In the early Christian era the codex, the bound book format which we are familiar with, superseded papyrus and parchment rolls, offering more effective storage and ease of access; in the 8th Century, minuscule cursive letter forms (using small characters, rather than just capitals) were perfected for both Latin and Greek alphabets, bringing further benefits of compression and speed of copying; and, of course, with the introduction of printing five centuries later, publishing on a truly industrial scale became possible, with massive implications for every aspect of communication.

The role computers play in this area has expanded considerably in recent years . The use of computerised catalogues and indexes of existing collections improved their accessibility, while, for publishers, digitisation virtually eliminated the need for type to be physically set by hand. Now that fast, cheap random access storage space is available to every level of computing application, it is clear that machines can effectively and efficiently store not only information about books and journals, but entire texts as well: written works are published and read by thousands, without using a single sheet of paper or drop of ink. These developments are already proving to be an important milestone in the history of the "written" word.

Even so, it seems unlikely that the proliferation of electronic texts will ever completely eradicate the urge to keep that hard copy "just in case". It is hard to believe that there will ever not be a place for books in the world of the student or casual reader: there is still a long way to go to make a handheld computing device as attractive or cheap as a paperback book. But now that so many words, not to mention sounds and pictures, are readily available in digitised form, the idea of such an encyclopædic portable, electronic book as, say, The Hitch Hiker's Guide to the Galaxy, is considerably less strange and wonderful than it was even a decade ago.

The above write-up treats books as concepts. Let me get a little more detailed about the history of books as physical objects. The paperbacks and hardbacks we are so familiar with today are the product of evolutionary change, fads and fashions, and the random mixing of cultural influences. The history of the modern book is primarily a European one, though many of the techniques and materials were invented elsewhere.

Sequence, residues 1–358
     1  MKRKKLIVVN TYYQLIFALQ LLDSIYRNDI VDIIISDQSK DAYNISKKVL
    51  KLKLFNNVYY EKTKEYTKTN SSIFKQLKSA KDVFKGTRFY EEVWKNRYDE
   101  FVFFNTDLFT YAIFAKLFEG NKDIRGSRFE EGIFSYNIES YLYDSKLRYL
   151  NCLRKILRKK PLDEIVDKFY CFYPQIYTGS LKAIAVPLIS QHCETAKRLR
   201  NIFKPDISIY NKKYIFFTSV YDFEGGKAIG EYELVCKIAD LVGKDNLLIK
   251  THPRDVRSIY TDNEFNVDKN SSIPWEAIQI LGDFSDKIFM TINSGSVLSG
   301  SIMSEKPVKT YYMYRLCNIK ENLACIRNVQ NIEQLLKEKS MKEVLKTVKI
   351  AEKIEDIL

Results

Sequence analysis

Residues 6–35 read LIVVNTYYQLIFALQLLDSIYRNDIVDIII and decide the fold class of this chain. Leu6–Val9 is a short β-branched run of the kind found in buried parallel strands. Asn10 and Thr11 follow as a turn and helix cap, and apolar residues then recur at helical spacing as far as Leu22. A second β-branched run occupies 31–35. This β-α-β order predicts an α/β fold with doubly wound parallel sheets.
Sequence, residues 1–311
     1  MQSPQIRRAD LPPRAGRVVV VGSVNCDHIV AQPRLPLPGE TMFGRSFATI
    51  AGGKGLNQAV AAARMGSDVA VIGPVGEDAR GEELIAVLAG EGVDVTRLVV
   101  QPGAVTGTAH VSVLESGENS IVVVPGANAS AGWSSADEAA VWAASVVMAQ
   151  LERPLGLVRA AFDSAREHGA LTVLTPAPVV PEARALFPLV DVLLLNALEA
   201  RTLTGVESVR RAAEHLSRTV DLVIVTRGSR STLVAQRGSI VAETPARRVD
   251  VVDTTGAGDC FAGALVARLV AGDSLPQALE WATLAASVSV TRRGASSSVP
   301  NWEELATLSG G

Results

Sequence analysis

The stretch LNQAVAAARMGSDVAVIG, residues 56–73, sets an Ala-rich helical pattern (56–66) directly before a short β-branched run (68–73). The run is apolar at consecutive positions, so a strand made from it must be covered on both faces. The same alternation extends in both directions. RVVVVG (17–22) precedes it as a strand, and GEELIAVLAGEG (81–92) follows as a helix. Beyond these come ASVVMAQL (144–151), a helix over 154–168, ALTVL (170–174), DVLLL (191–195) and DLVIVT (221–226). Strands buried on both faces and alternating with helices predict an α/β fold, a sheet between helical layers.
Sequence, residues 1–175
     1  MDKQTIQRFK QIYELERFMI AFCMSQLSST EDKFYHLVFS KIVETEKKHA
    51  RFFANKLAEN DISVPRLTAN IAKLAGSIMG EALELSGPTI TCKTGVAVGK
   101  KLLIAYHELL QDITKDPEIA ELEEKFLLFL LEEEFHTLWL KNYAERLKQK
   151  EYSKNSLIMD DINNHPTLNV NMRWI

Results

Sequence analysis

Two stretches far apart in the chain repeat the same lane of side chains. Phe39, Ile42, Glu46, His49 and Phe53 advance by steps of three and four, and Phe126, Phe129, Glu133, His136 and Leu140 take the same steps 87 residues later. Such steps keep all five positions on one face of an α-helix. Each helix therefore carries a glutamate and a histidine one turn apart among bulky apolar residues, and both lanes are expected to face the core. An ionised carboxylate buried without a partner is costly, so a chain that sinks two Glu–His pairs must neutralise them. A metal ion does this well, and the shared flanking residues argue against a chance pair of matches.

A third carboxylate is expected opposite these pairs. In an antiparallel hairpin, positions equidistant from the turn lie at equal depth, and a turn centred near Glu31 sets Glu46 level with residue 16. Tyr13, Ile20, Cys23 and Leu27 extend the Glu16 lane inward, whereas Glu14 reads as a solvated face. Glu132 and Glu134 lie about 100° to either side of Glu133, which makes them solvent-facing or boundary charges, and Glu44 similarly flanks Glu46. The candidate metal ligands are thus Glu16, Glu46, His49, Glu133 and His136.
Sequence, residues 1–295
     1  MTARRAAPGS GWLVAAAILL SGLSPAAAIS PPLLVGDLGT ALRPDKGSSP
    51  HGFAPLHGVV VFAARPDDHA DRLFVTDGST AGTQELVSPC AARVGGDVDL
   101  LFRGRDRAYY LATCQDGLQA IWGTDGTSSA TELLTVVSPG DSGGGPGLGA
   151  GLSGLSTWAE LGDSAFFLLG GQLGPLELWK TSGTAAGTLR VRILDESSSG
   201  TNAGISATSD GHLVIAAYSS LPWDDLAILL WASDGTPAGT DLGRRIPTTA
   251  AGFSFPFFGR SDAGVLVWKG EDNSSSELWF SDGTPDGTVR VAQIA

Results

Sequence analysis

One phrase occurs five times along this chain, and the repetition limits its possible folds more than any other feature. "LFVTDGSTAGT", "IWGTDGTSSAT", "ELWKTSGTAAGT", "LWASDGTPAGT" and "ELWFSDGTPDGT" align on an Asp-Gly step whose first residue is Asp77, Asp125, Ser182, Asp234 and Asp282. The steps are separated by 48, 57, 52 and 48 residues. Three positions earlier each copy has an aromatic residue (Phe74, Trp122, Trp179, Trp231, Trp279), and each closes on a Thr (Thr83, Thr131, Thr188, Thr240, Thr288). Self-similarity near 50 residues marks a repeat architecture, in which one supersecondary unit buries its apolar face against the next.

Evolution of the Codex

In ancient Greece and Rome, literature was stored in scrolls. Today, we tend to picture scrolls as unrolling from top to bottom, with the text in a continuous line. Like this.


     _________________
    /   \             \
   | |  |             |
   |  \ /             /
   |                 |
   | writing writing |
   | writing writing |
   | writing writing |
   | writing writing |
   |   ______________|
   |  / \             \
   | |__|             |
    \   /             /

That's not the way it worked. Rather, scrolls were held horizontally, and rolled up on the left as they were unrolled on the right. Text was written in blocks separated by columns of white space. Although this method wasted a little papyrus, it was much easier to write on and read from a scroll that wasn't unravelling on one's lap.


  __                                 __
 /  \                               /  \
|    |_____________________________|    |
|    |                             |    |
|    | one block of  a second blo  |    |
|    | writing one   ck of writin  |    |
|    | block of wri  g a second b  |    |
|    | ting one blo  lock of writ  |    |
| __ | ck of writin  ing a second  | __ |
|/| \| g  one block  block of wri  |/ |\|
| |_/  of writing..  ting........   \_| |
 \_____________________________________/

 

Scrolls are hard to store - they squash easily. When you put them in tubes to stop that, the resultant cylinders were a pain to stack. Sometime in the first century after Christ, someone had the brilliant idea of folding the scrolls in the white margins. Fan-folding a scroll makes a rectangular block, which almost invites stitching along one side.


 ¦ ____________
 ¦             \
 ¦ ____________/
 ¦/
 ¦\____________
 ¦             \
 ¦ ____________/
 ¦/
 ¦\_________etc
 ¦
 stitch

  

The next development was to write on both sides of each page, and fold it into signatures for stitching. The advantage of that approach was that they needed smaller pieces of whatever material they made the books out of. This meant that rather than importing expensive papyrus from Egypt, they could use parchment from a nearby sheep. This was the classic first-century codex, the ancestor of every book on your shelves.

Books Through the Centuries

Book design took centuries to change from the codex form into something more familiar. Bookbinders tend to be conservative even now - in medieval times, they were even more wary of new techniques which might threaten the sacred duty of the preservation of knowledge. Different geographical areas tried things out at different times, and practices tended to spread slowly from centres of innovation. Still, a general summary of European book design in each century shows the slow evolution of the modern book. (All dates are AD.)


Source: The British Library Guide to Bookbinding, by PJM Marks, The British Library Press, 1998.

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